Japan’s whaling fleet has seemingly made its way out of the Antarctic Ocean whale sanctuary and looks to be heading home with a record low haul, the activist environmental group Sea Shepherd revealed. Paul Watson, founder of the Sea Shepherd Conservation Society, said on Saturday that this year his group’s “enormously successful” harassment campaign of Japan’s annual whale hunt will result in the whalers’ lowest haul in history, with “no more than 75″ whales harvested.
This total, if accurate, is a stark contrast to the 267 whales caught last year and is well below the Institute of Cetacean Research’s targets this year of 935 minke whales and 50 fin whales. Watson is not exactly sure if the whaling season is over, but they are positive that it may very well be, since the Japanese whaling fleet is now “north of 60 degrees and out of the Southern (Antarctic) Ocean Whale Sanctuary”. Watson said that the whaling fleets fuel re-supply tanker, the Panamanian ship Sun Laurel, was around 2 days away from the whaling fleet’s mother vessel the Nisshin Maru. It will take another four days for the fleet to return to the Antarctic whale sanctuary, which Watson says is now looking unlikely as “this would leave only around a week to kill whales.” And with the weather rapidly deteriorating, continuing with the hunt may not be the wisest option and not worth the effort.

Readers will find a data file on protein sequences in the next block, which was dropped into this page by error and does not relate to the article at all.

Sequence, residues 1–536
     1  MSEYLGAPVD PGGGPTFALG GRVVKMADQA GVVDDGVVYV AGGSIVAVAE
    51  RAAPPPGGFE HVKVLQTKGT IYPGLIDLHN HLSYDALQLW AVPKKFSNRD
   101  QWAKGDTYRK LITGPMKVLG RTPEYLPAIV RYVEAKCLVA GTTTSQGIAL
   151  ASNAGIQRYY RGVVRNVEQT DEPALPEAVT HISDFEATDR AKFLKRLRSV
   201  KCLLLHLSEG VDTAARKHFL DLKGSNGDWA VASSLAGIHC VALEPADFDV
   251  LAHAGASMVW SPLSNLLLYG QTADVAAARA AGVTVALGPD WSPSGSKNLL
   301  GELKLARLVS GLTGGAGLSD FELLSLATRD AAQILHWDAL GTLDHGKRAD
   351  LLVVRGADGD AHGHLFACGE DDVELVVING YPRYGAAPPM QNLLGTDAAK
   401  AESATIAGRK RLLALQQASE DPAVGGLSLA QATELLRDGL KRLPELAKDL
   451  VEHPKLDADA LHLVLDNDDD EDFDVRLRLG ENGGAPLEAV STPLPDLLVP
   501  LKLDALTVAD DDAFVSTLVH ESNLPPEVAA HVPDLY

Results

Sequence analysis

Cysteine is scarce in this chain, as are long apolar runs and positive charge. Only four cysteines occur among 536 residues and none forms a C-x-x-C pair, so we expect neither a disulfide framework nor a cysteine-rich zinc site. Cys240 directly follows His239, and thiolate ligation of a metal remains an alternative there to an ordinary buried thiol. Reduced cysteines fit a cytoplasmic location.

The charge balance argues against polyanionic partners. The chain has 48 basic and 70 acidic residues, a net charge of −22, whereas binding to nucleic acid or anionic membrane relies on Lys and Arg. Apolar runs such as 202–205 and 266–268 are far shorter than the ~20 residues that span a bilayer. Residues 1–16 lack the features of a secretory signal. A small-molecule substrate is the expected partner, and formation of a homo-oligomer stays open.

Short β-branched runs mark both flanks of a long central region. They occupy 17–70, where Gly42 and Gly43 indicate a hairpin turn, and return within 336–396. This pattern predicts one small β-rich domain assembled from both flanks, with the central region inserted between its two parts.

The global condemnation and the increasingly bold and active harassment of the Japanese whale hunt by Sea Shepherd has intensified over the years, yet Japan continues to hunt the aquatic mammals under a scientific research loophole in the global moratorium on whaling. The Japanese government does not deny the fact that the whale meat ends up as food on dinner tables and restaurants. Last month, Fisheries Minister Yoshimasa Hayashi declared that Japan would never stop its whaling operations, describing the environmental action against them by nations including Australia as “prejudice against the Japanese culture.”